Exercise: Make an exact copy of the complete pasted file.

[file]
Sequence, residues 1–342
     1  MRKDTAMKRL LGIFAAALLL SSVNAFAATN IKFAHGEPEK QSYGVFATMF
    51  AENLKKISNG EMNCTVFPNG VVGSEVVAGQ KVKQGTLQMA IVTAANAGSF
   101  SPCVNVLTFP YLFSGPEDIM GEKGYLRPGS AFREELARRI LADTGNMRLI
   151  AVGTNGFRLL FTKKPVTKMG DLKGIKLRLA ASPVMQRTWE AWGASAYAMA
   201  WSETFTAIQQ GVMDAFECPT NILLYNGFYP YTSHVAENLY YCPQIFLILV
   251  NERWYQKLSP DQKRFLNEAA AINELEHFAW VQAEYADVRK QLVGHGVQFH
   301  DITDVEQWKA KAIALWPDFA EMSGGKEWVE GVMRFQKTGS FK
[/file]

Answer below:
Sequence, residues 1–342
     1  MRKDTAMKRL LGIFAAALLL SSVNAFAATN IKFAHGEPEK QSYGVFATMF
    51  AENLKKISNG EMNCTVFPNG VVGSEVVAGQ KVKQGTLQMA IVTAANAGSF
   101  SPCVNVLTFP YLFSGPEDIM GEKGYLRPGS AFREELARRI LADTGNMRLI
   151  AVGTNGFRLL FTKKPVTKMG DLKGIKLRLA ASPVMQRTWE AWGASAYAMA
   201  WSETFTAIQQ GVMDAFECPT NILLYNGFYP YTSHVAENLY YCPQIFLILV
   251  NERWYQKLSP DQKRFLNEAA AINELEHFAW VQAEYADVRK QLVGHGVQFH
   301  DITDVEQWKA KAIALWPDFA EMSGGKEWVE GVMRFQKTGS FK